At the very end of Carl Theodor Dreyer’s hysterically funny romantic comedy Gertrud (important note: my take is skewed), the title character — who has allowed her unimpenetrably lofty standards for love guide her unfalteringly toward the path of old maiden-dom — suggests to one of the many suitors she rejected decades ago, that she welcomes the embrace of death.
And when she goes, she has a tombstone at the ready. On it is inscribed: “Amor Omnia,” or “love is all.”
Dreyer’s final and arguably best movie presents a test case for self-abnegation being the ultimate form of self-involvement. Gertrud’s notion of love is so fastidious and individual that there ends up being only one person that can possibly satisfy her: herself. I don’t want to date anyone who doesn’t find Gertrud amusing (which no doubt dooms me to Gertrud’s own fate).
Michael Haneke’s newest film Amour, last year’s Palme d’Or winner at Cannes and now a mildly surprising contender for five Oscars (including best picture, director and actress), forms something like an equal-and-opposite antithesis for Gertrud’s ideals, especially if you take that headstone’s phrasing as a take-off of the more popular phrase “Amor Vincit Omnia,” or “love conquers all.” Because there is one specific thing love can’t conquer, and it’s precisely the thing that Amour hones in on with nothing resembling sentiment.
Haneke’s movie stars Jean-Louis Trintignant and Emmanuelle Riva as Georges and Anne, a pair of urbane retired musicians in their 80s. Early in the film, they’re shown eating breakfast when Anne’s eyes go blank. As she stares at nothing in particular, Georges grabs her by the head and tries to snap her back into reality, which she does after a few minutes, believing that nothing happened.
It’s the first crack in the façade for Anne’s physical condition, and Haneke depicts her decline with the grim inexorability of a funeral dirge. Anne always seems to be arriving at the next undesirable “stage” in her illness long before you hoped, and the aftermath of each new degradation becomes exponentially more pronounced with every sympathetic neighbor’s visit. The audience is thereby forced to cope with her mortality for much longer than most deathbed dramas, and with significantly less melodramatic payoff. (You know that scene where someone who is about to die manages to brush away those few errant hairs from their still-glowing face and whisper some sugary catchphrase to their most beloved family member? In its place, Haneke shows Georges trying to trap a pigeon that has flown into his apartment.)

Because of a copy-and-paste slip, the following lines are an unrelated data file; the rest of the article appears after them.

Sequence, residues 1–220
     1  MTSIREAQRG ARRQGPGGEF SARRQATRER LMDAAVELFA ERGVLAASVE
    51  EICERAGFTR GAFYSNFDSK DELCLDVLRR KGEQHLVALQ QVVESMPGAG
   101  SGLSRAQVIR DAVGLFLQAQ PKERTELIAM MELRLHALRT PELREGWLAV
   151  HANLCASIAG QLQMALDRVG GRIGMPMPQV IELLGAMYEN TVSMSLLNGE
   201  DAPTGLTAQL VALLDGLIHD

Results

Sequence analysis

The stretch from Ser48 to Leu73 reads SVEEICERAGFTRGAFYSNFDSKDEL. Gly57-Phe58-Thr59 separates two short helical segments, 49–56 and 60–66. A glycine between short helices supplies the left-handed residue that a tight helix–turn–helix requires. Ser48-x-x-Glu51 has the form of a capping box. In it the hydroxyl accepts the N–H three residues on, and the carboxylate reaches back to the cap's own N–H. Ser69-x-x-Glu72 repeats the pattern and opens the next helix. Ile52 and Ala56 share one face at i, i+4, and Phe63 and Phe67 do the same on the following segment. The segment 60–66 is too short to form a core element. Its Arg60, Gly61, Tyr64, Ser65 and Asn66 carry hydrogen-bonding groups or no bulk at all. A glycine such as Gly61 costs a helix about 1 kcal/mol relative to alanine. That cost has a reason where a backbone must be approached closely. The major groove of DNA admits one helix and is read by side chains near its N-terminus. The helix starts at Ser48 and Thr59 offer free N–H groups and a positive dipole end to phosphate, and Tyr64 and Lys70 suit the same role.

Haneke’s films have long been subsumed by death, or at least the desire to make audiences wish they were dead. Far from exposing a softened heart, as its comparatively tender approach might suggest, Amour, vis-à-vis Haneke’s enduringly jaundiced view, centralizes death as the one uniting feature among all mankind. Some of us die young. Some of us die old. Some of us die virgins. Some of us die while having sex. But we all die.
Furthermore, Haneke seems to be saying that the human is the only animal that allows death to emerge as life’s ultimate embarrassment. Georges’ attempt to keep Anne’s hurtful death spiral shielded not just from public view but even from her own daughter (not unlike a feral cat finding a hiding spot when it senses its time is through) could read as a touching corrective, but Haneke can’t quite help but undercut their master plan anytime a neighbor enters their apartment to drop off a load of groceries, tell Georges to give Anne their best, and walk out without even making a hollow gesture at popping their head into her room. The implication is that only humans would make death something the living have to endure, rather than the dying.
Gertrud and Amour are both signposts in the genre of “old man cinema.” One sardonically defines love as nothing more than a concept. The other confrontationally declares it a necessary crutch.